A New Year Reflection on Caregiver Identity

It’s almost New Year’s Eve – that day when lots of folks make resolutions for positive change.  Gyms and health clubs are usually busy in January, full of people with good intentions for healthy living.  Today and tomorrow, many will ponder how to set a new course for 2014.

For caregivers, change is not so easy.  We want our imaginations to drift into the dream territory of “who would I like to be?”, but we are pulled back quickly to, “who MUST I be?”  Even the question of “who am I?” for caregivers is tricky and complicated.  Perhaps the only answer to that query is found in another question, “Who WAS I?”

For caregivers, the dance of competing identities is refereed by personal freedom or the lack of it.  Ideas of spontaneity, whimsical choice, time wasted, hobbies enjoyed – these are foreign to most caregivers.  And yet, our true selves are most evident in such deeply personal activities.  Unfettered by the concerns of others, do I prefer solitude or company?  Would I choose to knit or to dance?  Taken together, these choices tell us about ourselves and give us a clear sense of who we are, or who we used to be.

Time and time again, caregiving counsellors wag their fingers at us, “Take time for yourself”, they say.  But sometimes, carving out space and time is not so easy, especially if that muscle isn’t exercised regularly.  I remember once, sitting at home when Jim took the children to the park.  I didn’t know what to do – I tried to read a magazine, but the pictures and writing were meaningless to me.  I had lost my sense of self.  I was given a sliver of freedom,  but I didn’t know what to do with it.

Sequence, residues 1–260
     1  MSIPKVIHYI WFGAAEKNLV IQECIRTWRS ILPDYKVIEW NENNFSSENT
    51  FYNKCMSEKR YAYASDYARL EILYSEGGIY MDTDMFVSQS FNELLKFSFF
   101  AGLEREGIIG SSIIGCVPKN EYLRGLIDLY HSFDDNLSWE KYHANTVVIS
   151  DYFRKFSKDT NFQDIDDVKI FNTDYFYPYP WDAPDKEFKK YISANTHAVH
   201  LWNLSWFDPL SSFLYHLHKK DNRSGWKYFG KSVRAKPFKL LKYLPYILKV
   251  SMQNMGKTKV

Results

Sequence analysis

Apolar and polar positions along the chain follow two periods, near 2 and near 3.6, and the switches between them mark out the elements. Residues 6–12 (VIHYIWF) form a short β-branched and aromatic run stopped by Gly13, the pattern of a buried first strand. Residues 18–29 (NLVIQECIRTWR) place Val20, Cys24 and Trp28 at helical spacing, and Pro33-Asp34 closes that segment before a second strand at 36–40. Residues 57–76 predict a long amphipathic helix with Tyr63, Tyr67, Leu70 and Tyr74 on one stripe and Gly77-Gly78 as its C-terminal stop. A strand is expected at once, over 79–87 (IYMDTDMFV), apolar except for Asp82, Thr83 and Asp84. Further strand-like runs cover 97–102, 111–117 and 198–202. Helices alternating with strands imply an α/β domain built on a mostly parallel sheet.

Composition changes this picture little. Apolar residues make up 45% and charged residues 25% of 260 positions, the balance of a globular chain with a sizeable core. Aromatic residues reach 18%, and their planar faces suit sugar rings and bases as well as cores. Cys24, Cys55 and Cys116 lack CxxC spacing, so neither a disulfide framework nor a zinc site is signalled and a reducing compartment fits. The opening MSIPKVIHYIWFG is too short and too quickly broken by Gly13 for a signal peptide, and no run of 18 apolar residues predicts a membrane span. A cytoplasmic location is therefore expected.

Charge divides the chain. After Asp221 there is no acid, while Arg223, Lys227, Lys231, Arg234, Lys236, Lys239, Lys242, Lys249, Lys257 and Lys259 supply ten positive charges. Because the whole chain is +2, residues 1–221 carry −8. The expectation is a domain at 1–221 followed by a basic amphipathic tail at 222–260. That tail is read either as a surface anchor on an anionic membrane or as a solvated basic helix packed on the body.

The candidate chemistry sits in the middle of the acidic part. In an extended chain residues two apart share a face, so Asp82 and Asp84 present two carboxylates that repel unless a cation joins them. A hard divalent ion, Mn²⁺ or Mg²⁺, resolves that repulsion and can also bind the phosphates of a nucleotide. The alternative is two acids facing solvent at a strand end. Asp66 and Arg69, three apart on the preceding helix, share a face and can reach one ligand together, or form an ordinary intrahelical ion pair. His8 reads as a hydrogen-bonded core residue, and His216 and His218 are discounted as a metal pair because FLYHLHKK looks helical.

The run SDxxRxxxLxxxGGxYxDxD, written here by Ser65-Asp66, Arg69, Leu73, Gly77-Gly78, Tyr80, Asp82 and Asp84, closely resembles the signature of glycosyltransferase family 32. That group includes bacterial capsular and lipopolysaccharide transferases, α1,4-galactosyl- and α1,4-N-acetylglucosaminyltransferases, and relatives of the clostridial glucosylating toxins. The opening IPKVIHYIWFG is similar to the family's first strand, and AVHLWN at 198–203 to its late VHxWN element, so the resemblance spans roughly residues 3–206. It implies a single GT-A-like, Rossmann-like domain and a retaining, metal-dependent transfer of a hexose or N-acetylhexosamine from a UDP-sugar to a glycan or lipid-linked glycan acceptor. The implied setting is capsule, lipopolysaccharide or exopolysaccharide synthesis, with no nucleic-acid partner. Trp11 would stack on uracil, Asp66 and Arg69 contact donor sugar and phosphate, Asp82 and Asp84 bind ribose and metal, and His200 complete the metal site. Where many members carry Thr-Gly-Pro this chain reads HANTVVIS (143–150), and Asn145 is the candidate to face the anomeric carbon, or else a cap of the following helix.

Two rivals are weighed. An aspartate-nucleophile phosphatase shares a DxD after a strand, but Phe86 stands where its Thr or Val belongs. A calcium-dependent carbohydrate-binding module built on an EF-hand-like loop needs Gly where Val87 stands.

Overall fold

Sometimes layering on architecture for action helps.  A thought or idea can perform this function.  Something like, “I can’t go outside today, but I am here in this room.  What freedom for choices do I have here?”  Taking time to look around and choose to wash the dishes instead of baking a cake can be revealing.  Pondering the meaning of small choices can help to answer the question, “Who am I now that I am a caregiver?”  Choosing to wash the dishes may provoke a realisation that warm, soapy water is soothing, or that there is satisfaction in a tidy sink.  Perhaps baking a cake is an act that is infused with love and the memory of birthdays past.  Perhaps these choices echo back a message that the caregiver identity is a nurturing one.  Meanings that can be discerned about personhood from small choices in daily living will fuel a sense of power and self-knowledge.

Perhaps a worthy caregiver New Year’s resolution would be to reconcile past and present identities.  “Who would I like to be?” is more difficult, but not impossible to ponder.  Maybe the way toward that tricky territory is to change the question to, “Who would I like to be today?”  The answer could form a worthy resolution for 2014.

To all Caregivers everywhere, Happy New Year.